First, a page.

The Easter Bunny Must Die, Part 12

frightened easter bunny holding eggOur story so far

Chapter Five, continued

It was vault rather than room that met my eyes. A back wall held rows and rows of drawers. In the middle, a raised dais of what looked like the same white plastic as the panel beside the door. On it was a round of gray stone, perhaps a foot in diameter.

We approached and as we got closer, I could feel the temperature of the air dropping with every inch that closed between us and the stone in the middle. I couldn’t imagine how powerful it might be. Some of the artifacts are demigods in and of their own right. We’d studied a few in classes, but I didn’t recognize this one.

We stood around the dais at equal intervals, Santa directly across me. The Tooth Fairy gave me another of those unsettling attempts at a smile.

“Put out your hand and lay it on the Calendar, Ms. Amme,” Santa said.

This close, the stone’s surface was covered with tangled lines, a carving whose meaning I could not decipher. The air reeked of magic, that odd nostril burn you only get when you’re around the really high-powered stuff.

I hesitated. But what could I do? I’d play along, at least until I’d had a chance to talk to my mother. I stretched out my hand.

It was cold, unbelievably cold, when I touched it. I started to pull my hand away, but some invisible force held my fingers fast to it. It rang like a bell, a sound so loud and piercing it was almost painful, a wave of sound carrying us to another dimension, where senses where different, where everything was bright and three shining figures stood in a circle with me.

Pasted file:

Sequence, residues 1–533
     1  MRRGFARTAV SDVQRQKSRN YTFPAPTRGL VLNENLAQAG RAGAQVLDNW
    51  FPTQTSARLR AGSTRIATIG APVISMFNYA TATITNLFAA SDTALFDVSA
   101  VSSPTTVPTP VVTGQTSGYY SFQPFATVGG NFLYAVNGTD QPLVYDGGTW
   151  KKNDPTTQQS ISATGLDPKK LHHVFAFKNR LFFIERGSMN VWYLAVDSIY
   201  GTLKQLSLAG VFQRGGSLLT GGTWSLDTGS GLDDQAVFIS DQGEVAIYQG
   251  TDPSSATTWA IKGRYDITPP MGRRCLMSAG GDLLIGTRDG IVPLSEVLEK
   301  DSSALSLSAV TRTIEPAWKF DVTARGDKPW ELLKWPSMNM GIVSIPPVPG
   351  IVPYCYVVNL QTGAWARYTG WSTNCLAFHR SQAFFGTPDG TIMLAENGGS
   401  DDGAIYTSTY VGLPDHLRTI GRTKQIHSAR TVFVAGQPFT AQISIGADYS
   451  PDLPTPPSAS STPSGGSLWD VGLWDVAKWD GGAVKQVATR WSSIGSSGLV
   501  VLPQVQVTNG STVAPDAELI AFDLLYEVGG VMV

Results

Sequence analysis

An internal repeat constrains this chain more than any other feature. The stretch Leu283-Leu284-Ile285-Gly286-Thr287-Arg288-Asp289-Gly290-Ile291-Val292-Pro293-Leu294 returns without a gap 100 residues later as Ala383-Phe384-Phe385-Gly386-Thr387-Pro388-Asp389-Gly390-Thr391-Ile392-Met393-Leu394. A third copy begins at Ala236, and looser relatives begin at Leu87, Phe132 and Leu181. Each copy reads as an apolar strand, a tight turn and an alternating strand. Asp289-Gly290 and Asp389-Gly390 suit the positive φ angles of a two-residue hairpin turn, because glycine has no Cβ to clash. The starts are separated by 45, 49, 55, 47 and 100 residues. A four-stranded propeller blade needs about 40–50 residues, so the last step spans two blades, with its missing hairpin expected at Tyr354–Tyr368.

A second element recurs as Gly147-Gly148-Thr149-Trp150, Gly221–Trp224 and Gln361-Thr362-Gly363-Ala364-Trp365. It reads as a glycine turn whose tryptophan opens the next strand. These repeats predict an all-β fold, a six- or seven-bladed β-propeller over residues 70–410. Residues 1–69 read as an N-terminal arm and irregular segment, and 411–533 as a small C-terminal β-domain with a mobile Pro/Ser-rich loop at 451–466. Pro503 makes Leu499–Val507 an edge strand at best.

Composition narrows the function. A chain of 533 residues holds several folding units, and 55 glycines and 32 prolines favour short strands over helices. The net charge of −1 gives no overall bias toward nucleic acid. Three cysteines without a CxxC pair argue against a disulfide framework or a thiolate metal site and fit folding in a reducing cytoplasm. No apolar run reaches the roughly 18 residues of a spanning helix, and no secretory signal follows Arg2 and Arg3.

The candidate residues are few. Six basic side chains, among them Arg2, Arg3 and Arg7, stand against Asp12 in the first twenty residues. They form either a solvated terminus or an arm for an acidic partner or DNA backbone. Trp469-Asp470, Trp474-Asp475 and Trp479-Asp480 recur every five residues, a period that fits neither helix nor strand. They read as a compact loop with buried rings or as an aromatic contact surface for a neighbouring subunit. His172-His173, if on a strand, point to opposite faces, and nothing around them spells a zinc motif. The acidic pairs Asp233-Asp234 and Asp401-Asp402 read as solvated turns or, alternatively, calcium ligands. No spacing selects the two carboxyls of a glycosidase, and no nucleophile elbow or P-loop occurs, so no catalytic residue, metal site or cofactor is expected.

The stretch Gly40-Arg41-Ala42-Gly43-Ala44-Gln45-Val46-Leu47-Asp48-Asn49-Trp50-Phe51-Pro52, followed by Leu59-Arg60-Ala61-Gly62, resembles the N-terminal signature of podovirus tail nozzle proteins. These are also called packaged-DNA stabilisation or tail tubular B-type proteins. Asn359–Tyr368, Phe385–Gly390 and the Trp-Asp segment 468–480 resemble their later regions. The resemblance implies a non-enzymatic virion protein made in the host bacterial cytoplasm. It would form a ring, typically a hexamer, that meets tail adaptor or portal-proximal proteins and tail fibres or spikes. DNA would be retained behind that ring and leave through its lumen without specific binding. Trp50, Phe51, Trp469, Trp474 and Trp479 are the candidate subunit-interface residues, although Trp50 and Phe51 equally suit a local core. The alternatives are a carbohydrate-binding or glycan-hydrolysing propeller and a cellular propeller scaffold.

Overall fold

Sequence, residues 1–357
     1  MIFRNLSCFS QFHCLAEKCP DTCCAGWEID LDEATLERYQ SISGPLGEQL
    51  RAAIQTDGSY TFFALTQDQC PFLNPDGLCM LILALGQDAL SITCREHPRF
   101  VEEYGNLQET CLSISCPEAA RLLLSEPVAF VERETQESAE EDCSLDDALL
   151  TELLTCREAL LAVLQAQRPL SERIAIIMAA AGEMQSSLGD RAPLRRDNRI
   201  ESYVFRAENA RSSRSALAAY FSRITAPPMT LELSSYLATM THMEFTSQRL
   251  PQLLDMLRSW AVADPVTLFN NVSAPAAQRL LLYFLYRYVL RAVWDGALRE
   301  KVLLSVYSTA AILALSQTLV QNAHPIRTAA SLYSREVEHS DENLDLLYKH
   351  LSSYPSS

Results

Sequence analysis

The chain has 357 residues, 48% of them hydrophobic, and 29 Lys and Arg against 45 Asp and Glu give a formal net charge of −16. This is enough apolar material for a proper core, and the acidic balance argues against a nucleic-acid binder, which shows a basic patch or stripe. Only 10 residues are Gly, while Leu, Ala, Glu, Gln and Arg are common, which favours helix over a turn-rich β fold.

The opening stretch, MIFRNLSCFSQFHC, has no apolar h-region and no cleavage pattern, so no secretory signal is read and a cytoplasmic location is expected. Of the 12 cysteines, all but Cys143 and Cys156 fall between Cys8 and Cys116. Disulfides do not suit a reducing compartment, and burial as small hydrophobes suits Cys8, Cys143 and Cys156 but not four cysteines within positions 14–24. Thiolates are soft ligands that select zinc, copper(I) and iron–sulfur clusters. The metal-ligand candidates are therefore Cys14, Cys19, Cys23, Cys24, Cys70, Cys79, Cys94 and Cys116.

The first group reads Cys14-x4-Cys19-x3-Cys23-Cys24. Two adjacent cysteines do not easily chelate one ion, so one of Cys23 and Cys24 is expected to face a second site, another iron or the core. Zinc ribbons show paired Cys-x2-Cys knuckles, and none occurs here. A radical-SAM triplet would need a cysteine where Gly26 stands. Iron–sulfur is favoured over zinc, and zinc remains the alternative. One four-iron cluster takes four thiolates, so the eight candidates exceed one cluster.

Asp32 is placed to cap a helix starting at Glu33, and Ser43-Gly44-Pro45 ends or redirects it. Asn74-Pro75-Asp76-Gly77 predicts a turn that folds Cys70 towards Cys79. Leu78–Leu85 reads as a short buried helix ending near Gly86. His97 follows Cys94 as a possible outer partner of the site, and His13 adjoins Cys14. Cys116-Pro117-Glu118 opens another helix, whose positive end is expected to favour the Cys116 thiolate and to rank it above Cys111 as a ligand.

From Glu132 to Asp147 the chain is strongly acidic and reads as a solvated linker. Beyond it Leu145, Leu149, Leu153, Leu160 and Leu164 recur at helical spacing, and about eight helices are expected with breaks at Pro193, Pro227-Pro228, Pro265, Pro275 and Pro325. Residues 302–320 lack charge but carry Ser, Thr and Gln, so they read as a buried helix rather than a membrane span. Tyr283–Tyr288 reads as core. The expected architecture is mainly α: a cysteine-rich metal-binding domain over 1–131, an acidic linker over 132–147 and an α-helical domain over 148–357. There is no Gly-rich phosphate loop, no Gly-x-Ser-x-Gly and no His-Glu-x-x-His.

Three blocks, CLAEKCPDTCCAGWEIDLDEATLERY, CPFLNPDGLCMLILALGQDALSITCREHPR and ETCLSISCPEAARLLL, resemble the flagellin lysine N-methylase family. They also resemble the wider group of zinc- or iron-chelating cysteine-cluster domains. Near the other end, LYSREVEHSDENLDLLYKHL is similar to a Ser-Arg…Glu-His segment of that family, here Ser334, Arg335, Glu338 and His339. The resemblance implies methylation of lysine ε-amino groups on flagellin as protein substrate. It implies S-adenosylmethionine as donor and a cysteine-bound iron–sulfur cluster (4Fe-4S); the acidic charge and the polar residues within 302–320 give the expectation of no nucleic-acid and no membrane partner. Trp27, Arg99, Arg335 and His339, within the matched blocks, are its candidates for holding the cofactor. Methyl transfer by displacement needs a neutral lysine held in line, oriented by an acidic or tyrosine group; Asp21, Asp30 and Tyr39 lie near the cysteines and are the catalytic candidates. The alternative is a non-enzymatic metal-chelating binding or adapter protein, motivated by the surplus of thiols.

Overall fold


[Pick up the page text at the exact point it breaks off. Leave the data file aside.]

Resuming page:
One of them laid his hand on the stone as well.

“I give you the power to make much of little, and to travel quickly,” Santa Claus said.

The Tooth Fairy followed.

“I give you the power to trade one thing for another, and to enter any room.”

Finally, the Easter Bunny’s paw.

“I give you the power to bring out the life that is there, and to hide and be hidden.”

With every word, I could feel energy coiling inside me, as though I were hollow and being filled for the first time. it was an odd and unpleasant sensation, but I gritted my teeth.

The stone rang again and as the noise faded, I was able to pull my hand away.

Santa Claus smiled at me, but the expression didn’t reach his eyes. He handed me a folder. “You’ll find your target in there, and we’ll supply an assistant to help orient you.” He walked to the door. “Once you’ve had a chance to met it, you can return here and we can discuss the next step. Think of it as a trial of sorts.” He turned.

“You’ll want to talk to your mother at first, of course. That’s understandable. Quite understandable. But don’t take too long, Miss Amme We don’t try to keep these creatures down for our own amusement.” He frowned at me. “We do it for the good of the world.”

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About Cat

Cat Rambo lives, writes, and teaches by the shores of an eagle-haunted lake in the Pacific Northwest. Her 200+ fiction publications include stories in Asimov's, Clarkesworld Magazine, and the magazine of Fantasy & Science Fiction. Her story, "Five Ways to Fall in Love on Planet Porcelain," from her collection Near + Far (Hydra House Books), was a 2012 Nebula nominee. Her editorship of Fantasy Magazine earned her a World Fantasy Award nomination in 2012. She is the current President of the Science Fiction and Fantasy Writers of America (SFWA). She is currently working on Exiles of Tabat, the third book of the Tabat Quartet. A new story collection, Neither Here Nor There, appears from Hydra House this fall.
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